Hazardous locations are places that contains or are expected to contain sufficient quantities of flammable liquids, gases, vapor or combustible dusts to produce an explosion or fire. Industries like oil&gas, plant floor, chemical, refineries, and many others require explosion protected equipment.
Presently there are two systems that classify hazardous areas, the class division system (used in the United States and Canada) and the zone system based on the international electrochemical commission (IEC) and European Committee for Electrochemical Standardization
Class I areas– Locations where flammable gases or vapors are present in the atmosphere and in sufficient quantities to produce an explosion or fire. Normally class I areas uses division methods, listed below:
Division 1– Locations where the presence of ignitable mixtures of flammable gases or vapors is present because of following reasons
• Occurs under normal conditions
• Occurs due to frequent leakage
• Occurs due to repair or maintenance
• Occurs due to a faulty equipment
Division 2– Locations where presence of ignitable mixtures of flammable gases or vapors are present because of following reasons
Class I areas follows division concept, there are four different groups categorized on liquid and gas nature of flammability. Refer below:
• Group A– Atmosphere with presence of acetylene
• Group B– Flammable gases or vapors in atmosphere with MESG (maximum experimental safe gap) less than or equal to 0.45mm or a minimum ignition current (MIC) ratio less than equal to 040mm.For example, gases like hydrogen, butadiene, propylene oxide etc.
• Group C-Flammable gases or vapors in atmosphere having MESG greater than 0.45 and less than 0.75mm or MIC ratio greater than 0.40mm or less than 0.80 mm.
Class II Areas-Locations where combustible dust is present; this can be any solid material 420 microns or less in diameter capable of resulting in a fire or explosion. Class II areas are divided into two different divisions and differentiated on the basis of operation.
Division 1-Location where combustible dust is present in the air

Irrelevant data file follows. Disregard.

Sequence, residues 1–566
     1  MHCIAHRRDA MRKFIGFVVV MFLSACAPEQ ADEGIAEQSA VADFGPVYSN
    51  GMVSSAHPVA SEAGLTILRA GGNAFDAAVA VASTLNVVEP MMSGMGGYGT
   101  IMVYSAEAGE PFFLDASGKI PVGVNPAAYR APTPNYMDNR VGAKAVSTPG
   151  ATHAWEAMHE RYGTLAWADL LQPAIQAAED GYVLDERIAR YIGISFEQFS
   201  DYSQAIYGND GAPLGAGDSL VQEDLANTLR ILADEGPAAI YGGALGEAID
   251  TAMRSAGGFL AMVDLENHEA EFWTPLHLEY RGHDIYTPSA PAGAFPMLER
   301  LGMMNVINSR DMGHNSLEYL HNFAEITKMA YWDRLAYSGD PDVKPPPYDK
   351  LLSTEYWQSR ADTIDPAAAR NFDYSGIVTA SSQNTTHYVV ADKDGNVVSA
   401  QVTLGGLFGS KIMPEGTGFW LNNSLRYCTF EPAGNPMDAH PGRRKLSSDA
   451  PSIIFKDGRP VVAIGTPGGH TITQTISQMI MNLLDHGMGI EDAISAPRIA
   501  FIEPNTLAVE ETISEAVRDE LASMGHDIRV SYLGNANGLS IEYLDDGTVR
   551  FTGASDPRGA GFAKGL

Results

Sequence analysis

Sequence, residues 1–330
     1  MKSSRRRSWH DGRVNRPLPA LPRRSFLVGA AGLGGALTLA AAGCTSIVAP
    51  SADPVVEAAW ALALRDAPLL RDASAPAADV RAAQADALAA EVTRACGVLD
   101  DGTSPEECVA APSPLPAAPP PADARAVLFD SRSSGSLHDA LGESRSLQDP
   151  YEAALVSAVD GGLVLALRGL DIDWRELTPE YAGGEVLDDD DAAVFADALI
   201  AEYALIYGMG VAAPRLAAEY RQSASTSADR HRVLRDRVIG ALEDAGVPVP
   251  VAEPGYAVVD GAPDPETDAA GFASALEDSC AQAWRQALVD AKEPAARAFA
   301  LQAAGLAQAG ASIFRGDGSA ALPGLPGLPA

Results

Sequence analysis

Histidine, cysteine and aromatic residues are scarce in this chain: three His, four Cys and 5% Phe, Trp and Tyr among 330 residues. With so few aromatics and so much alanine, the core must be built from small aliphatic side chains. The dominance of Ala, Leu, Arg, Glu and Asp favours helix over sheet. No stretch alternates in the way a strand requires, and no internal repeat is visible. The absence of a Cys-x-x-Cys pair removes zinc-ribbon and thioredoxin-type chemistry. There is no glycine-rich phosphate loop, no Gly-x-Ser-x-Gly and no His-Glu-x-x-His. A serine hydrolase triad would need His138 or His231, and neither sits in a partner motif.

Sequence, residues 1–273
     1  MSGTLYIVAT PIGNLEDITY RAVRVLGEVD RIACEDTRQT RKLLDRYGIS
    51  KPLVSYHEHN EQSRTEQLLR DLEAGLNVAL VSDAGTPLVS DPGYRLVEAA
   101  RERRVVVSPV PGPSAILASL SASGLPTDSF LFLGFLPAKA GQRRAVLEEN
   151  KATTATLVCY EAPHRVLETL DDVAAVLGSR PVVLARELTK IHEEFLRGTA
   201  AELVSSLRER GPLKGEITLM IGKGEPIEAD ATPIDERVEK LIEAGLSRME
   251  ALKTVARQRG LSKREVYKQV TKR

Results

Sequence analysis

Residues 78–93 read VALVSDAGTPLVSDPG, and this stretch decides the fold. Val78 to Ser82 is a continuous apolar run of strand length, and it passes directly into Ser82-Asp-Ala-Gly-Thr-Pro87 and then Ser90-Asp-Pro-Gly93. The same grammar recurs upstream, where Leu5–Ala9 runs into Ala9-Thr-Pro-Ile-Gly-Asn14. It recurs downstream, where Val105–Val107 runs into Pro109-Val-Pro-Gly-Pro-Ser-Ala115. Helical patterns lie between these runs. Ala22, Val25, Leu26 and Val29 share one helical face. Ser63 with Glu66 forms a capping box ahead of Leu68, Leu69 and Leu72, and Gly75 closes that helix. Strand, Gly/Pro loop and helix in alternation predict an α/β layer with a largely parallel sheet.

Division 2- Location where combustible dust is present due to abnormal or faulty operations. Also, the quantity of combustible dust has to be sufficient enough to produce fire or explosion.
Class II areas comprise three distinct groups based on physical characteristics of dust
Group E– Atmosphere present with combustible metal dusts like magnesium, aluminum and others.
Group F- Atmosphere with presence of combustible carbonaceous dusts with more than 8% volatiles or other materials capable of resulting in a fire or explosion. For example coal, carbon, charcoal and coke.
Group G- Atmosphere with presence of combustible dusts like flour, grain, wood flour, plastic and other chemicals.
Class III Areas
These are considered as hazardous locations because of the presence of ignitable fibers and flying. However, in these locations ignitable fibers may or may not be present in sufficient quantities to produce an exploration or fire. This area does not have grouping like Class I or II.
Protection methods and techniques
The National Electrical code (NEC), National Fire Protection Association, (NFPA) and OSHA has set up certain benchmarks for hazardous area explosion protections. North America region factory manual, Underwriters Laboratories (UL), and Canadian Standard Association (CSA) are certifying agencies. There are several protection techniques and methods developed to reduce and even eliminate the risks of explosion or fire in hazardous locations. Few of the protections methods for class/division system are listed below:
Explosion Proof- This type of protection technique in electrical equipment have the enclosure capable to withstanding explosive gas or vapor within it and present ignitions of an explosive gas or vapors.
Dust-ignition proof: This type of equipment will exclude dust and present spark and fire on the enclosure.
Hermetically Sealed Equipment– This type of equipment is able to prevent entry of flammable gases or vapors from external atmosphere. It does not allow arcs, sparks or heat inside the enclosure.
Intrinsically safe– This type of protection technique in electrical equipment is incapable of releasing sufficient amount of energy to cause fire or explosion in a hazardous atmosphere
Non Incendive– This type of protection in electrical equipment makes it incapable to cause ignition of specific flammable gas or vapors-in-air mixture.
Purged and pressurized system– A purge and pressurization system supplies one or more enclosures with instrument air or inert gas to keep hazardous gases out of the enclosure for safe use.